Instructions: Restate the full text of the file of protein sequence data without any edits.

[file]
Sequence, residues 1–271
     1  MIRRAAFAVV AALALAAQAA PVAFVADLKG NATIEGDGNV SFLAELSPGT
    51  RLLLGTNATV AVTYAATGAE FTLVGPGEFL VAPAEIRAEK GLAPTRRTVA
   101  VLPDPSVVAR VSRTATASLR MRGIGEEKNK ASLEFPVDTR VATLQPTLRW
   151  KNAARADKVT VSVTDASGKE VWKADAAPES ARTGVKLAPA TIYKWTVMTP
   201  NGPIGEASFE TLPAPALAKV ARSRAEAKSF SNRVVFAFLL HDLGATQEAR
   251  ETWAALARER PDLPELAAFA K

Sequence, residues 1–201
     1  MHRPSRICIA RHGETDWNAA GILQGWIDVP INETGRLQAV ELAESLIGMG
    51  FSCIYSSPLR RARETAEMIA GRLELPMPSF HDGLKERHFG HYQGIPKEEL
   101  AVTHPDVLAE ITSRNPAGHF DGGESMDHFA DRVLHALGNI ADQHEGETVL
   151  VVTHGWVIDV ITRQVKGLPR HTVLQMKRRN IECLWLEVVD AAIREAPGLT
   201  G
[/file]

Sequence, residues 1–271
     1  MIRRAAFAVV AALALAAQAA PVAFVADLKG NATIEGDGNV SFLAELSPGT
    51  RLLLGTNATV AVTYAATGAE FTLVGPGEFL VAPAEIRAEK GLAPTRRTVA
   101  VLPDPSVVAR VSRTATASLR MRGIGEEKNK ASLEFPVDTR VATLQPTLRW
   151  KNAARADKVT VSVTDASGKE VWKADAAPES ARTGVKLAPA TIYKWTVMTP
   201  NGPIGEASFE TLPAPALAKV ARSRAEAKSF SNRVVFAFLL HDLGATQEAR
   251  ETWAALARER PDLPELAAFA K

Sequence, residues 1–201
     1  MHRPSRICIA RHGETDWNAA GILQGWIDVP INETGRLQAV ELAESLIGMG
    51  FSCIYSSPLR RARETAEMIA GRLELPMPSF HDGLKERHFG HYQGIPKEEL
   101  AVTHPDVLAE ITSRNPAGHF DGGESMDHFA DRVLHALGNI ADQHEGETVL
   151  VVTHGWVIDV ITRQVKGLPR HTVLQMKRRN IECLWLEVVD AAIREAPGLT
   201  G